Then when filing posts within your categories, don’t file them in every possible category that could possibly apply. Choose the top category and only add a category or two if it really, really applies.
This helps site visitors navigate to their category of interest and find only posts that do in fact apply directly to that category. Categories are not effective when every post is filed in every category. That makes for one frustrating user experience.
PRO TIP: Don’t add a new category unless you are confident
you will have at least 5 new relevant posts created specifically
for that category in the near future.
Categories are general terms to organize your content. Tags help you to further organize your articles within each category.
Now, let’s move on to Tags.
How to Use WordPress Tags…
WordPress is a Content Management system, right? So, let’s manage your content. Think of this analogy:
- Visualize your WordPress site as a file cabinet.
- Your WordPress Categories are the drawers in that file cabinet.
- WordPress Tags are the tabbed manila folders within that drawer.
- Remember how little that tab on those folders is?
Some examples of a simple category structure and a corresponding tag:
- CATEGORY: Fruits > TAG: Seedless
- CATEGORY: Shoes > TAG: Summer
- CATEGORY: New Homes > TAG: Ranch
See how this works? Categories are the general topic guide, then tags allow site visitors once within a category to click on a tag of interest and then drill down further within that topic.
Tags are not further adjectives about the post or your products. Above all, tags are the clickable words that a user, based on the page they are currently on, would like to refine further.
You can also have sub or child categories to further organize your data if you need to segment further. But that’s if you have a ton of content. Remember, the goal is to not add extra clicks but help visitors gravitate to the specific topic of interest as quickly as possible.
Wrapping up Categories, Child Categories and Tags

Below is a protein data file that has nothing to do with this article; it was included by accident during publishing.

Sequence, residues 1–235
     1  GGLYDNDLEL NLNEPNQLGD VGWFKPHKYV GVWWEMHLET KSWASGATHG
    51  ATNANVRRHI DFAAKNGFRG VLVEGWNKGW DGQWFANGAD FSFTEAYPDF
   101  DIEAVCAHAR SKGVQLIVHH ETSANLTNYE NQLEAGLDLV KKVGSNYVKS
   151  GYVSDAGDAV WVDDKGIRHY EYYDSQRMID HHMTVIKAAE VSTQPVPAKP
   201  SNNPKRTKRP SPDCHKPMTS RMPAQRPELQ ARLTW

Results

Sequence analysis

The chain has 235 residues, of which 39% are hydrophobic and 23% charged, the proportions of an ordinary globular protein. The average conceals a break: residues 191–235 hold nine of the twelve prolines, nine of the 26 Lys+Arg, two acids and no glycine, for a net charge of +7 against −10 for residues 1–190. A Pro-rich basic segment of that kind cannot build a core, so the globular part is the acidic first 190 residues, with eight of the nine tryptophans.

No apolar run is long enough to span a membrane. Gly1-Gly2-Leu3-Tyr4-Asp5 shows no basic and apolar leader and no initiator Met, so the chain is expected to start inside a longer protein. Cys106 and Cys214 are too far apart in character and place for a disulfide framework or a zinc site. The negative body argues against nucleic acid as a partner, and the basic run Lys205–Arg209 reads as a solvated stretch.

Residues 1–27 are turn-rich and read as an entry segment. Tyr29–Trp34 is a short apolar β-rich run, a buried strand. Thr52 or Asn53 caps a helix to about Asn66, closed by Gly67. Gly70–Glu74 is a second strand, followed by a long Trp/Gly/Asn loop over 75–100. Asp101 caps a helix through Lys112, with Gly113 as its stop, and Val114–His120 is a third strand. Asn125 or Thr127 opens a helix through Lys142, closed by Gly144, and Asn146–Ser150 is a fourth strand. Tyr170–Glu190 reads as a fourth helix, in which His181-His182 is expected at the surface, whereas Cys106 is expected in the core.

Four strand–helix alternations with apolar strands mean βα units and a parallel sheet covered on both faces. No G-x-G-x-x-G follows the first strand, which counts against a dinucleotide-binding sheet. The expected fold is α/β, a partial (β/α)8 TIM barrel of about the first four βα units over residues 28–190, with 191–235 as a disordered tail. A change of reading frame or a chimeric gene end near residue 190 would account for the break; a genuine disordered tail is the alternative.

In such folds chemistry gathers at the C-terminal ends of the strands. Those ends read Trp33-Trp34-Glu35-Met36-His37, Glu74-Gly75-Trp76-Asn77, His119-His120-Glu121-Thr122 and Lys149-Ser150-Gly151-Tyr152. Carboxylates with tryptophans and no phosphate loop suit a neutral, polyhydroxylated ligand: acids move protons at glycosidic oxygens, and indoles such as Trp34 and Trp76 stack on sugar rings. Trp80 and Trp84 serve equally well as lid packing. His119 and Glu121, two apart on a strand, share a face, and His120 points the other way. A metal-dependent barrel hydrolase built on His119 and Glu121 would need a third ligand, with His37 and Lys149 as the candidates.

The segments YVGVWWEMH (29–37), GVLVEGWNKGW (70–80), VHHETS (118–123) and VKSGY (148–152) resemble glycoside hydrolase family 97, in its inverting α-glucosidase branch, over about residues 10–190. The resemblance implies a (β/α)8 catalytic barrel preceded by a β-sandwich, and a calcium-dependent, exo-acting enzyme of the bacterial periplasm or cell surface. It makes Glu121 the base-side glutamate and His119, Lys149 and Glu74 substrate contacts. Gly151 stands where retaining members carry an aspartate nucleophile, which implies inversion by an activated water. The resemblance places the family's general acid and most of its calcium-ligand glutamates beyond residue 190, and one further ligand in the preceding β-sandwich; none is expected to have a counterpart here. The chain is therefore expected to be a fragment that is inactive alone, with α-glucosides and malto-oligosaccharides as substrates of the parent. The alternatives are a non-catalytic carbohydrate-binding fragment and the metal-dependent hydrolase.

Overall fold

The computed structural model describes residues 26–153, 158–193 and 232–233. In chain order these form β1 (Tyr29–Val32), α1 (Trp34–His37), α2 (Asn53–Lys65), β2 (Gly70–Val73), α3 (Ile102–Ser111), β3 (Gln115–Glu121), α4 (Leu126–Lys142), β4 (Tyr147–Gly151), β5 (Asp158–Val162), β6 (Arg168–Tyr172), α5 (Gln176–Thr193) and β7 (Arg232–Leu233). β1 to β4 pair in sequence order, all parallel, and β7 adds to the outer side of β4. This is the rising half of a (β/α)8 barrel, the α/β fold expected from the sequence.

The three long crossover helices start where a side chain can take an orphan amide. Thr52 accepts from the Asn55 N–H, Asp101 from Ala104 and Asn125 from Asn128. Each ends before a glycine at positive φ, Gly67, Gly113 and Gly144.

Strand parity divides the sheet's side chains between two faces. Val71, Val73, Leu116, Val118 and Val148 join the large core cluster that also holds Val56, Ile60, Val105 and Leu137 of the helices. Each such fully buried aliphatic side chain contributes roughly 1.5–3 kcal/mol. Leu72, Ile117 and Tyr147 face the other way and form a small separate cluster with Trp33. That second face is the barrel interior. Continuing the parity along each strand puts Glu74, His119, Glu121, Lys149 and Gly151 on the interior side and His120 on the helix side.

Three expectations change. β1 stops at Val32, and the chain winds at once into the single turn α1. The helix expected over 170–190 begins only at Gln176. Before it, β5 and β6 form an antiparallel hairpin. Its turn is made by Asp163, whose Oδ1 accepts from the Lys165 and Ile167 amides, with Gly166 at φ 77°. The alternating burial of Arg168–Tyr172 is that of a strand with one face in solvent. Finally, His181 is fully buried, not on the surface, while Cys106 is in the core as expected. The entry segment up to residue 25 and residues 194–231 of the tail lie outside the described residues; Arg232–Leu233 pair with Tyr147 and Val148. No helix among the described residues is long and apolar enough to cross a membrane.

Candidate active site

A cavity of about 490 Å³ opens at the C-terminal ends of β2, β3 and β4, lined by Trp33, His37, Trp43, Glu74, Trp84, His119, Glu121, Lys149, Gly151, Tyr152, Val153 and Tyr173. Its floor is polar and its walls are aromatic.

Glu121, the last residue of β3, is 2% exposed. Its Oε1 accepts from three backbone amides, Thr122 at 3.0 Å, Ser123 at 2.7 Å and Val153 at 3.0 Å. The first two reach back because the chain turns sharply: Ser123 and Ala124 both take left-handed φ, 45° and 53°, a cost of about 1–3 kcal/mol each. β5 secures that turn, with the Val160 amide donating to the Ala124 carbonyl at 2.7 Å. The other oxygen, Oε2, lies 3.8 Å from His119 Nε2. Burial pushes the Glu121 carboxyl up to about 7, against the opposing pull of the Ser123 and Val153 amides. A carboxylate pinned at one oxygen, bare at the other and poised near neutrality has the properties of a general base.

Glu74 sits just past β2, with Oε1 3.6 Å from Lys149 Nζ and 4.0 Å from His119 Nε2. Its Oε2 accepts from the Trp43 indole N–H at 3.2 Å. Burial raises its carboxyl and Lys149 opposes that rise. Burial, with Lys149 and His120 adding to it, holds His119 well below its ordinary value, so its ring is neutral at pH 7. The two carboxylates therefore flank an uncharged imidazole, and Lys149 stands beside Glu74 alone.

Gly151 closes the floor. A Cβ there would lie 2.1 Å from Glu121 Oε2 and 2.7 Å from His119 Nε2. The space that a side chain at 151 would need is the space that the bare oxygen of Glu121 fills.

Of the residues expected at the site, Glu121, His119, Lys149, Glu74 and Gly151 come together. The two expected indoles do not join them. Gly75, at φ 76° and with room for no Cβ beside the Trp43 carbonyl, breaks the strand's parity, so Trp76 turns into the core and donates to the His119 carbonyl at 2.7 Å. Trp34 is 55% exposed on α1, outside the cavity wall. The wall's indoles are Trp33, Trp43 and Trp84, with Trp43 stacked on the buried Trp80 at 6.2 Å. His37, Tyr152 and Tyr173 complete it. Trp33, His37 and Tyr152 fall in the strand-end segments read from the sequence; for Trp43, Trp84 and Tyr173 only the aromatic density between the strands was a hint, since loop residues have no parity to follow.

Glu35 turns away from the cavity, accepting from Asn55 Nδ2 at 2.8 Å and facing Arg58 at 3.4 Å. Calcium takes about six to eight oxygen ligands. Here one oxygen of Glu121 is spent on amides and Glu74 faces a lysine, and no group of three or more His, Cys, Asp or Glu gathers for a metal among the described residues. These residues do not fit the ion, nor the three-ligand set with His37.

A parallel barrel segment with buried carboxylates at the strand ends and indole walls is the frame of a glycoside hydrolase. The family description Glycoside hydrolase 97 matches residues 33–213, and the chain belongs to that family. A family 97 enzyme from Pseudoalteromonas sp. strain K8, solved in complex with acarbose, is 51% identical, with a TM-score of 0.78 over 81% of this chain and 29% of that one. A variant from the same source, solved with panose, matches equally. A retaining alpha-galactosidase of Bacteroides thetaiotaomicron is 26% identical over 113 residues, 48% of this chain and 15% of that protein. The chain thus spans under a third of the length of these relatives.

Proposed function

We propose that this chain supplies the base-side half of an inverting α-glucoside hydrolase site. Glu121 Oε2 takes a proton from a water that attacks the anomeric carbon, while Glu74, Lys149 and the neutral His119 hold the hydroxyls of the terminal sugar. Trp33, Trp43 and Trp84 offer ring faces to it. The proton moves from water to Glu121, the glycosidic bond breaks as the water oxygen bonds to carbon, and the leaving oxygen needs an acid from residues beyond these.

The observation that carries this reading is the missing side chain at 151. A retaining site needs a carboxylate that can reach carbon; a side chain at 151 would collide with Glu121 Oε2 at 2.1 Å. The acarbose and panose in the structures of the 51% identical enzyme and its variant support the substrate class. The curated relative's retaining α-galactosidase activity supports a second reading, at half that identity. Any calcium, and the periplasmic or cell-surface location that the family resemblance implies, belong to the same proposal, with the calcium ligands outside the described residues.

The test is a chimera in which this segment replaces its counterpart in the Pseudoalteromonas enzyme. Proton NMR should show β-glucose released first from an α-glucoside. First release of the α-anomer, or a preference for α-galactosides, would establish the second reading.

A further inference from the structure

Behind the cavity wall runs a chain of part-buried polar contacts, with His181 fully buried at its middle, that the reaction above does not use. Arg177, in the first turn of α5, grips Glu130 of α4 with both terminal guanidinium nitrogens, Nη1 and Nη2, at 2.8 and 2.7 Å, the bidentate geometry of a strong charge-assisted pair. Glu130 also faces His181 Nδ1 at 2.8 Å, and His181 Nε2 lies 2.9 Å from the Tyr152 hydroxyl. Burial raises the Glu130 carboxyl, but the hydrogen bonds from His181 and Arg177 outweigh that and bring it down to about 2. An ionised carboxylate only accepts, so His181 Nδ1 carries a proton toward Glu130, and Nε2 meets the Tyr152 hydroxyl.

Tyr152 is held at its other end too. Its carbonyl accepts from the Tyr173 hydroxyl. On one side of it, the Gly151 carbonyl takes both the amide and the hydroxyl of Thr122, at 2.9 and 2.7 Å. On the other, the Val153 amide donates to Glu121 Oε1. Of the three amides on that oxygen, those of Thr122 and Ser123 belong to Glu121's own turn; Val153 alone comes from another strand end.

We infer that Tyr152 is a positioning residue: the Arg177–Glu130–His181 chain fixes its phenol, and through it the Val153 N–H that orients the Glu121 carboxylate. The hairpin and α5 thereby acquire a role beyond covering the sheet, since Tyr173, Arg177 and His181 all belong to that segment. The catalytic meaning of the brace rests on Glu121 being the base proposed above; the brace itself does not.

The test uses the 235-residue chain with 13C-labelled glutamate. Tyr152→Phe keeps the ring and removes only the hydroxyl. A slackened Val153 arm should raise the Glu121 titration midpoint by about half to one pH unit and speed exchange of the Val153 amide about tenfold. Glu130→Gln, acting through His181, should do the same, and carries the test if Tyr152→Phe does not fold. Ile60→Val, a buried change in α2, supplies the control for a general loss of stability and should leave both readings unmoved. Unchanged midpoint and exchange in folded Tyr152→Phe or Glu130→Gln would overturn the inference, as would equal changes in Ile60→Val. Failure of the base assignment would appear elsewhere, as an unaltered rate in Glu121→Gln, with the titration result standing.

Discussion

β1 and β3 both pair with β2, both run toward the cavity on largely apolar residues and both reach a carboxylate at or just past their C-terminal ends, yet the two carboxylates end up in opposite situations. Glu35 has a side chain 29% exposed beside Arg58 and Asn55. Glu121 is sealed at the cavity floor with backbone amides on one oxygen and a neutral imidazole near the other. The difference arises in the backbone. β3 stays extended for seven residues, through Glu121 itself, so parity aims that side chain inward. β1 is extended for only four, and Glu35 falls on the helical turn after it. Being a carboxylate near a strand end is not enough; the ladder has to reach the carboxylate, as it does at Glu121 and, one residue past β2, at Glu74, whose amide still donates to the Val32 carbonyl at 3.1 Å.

Here’s a an example of all three:
Child Categories: Local News, National News, World News
Tags: United States, Canada, United Kingdom
Child Categories: Music, Movies, Television
Tags: Rock-n-Roll, Drama, Comedy
Child Categories: Recipes, Dinners, Vegetarian
Tags: Cheesy, Gluten Free, Grill
Danger, Will Robinson!
How helpful is it to your site visitors or even search engines if you file every post in every category and tag it with every tag imaginable? Not very.
This is truly a case of less is more. Don’t worry about having to cover every base, just cover the most logical bases. We want our navigation, categories and tags to be as tight as possible.
What about tags that are only used once? A user clicks on a tag and finds only the article they just read. Wasted click and not user-friendly. Delete singular tags unless you know you’ll have more content that tag will apply to in the very near future.
Think again of that filing cabinet where every drawer you open has the same folders and content within. Pretty frustrating, right?
With that in mind…
- Do not have singular and plural versions of tags.
- Avoid different versions of the same phrase.
- Duplicate capped and lower case tags. Stick with one case consistently.
While some tags may be the same as your SEO “keywords”, you are creating tags for organizational purposes. What you do not do is create tags for the solely to cover all your SEO keyword bases.
7 Tips to Properly Create WordPress Tags
- Create a list of 10-15 tags that can apply to your posts (or products) and that are unique in meaning from each other.
- Tags are only one or two words. Period. Tags are not phrases or sentences — they’re tags.
- You want to have a tag list that reflects the individual topics that you will have at least 5 posts (or products) in the very near future.
- Tag each post (or product) with just two or three tags from that existing list.
- Do not create new tags on the fly — stick to your list! See #2.
- If you think of a new tag, fine, but if it doesn’t pass the 5 post (or product) rule — don’t add it.
- If you have tags in place that don’t fit the above rules, delete them.
Now you know the differences between categories, tabs and keyphrases. Above all, categories and tags are ways to better organize your site content first.
Moreover, by being focused, thinking of site visitors and using restraint, you’ll have a site that is user-friendly. In addition being SEO’d organically.
At your service,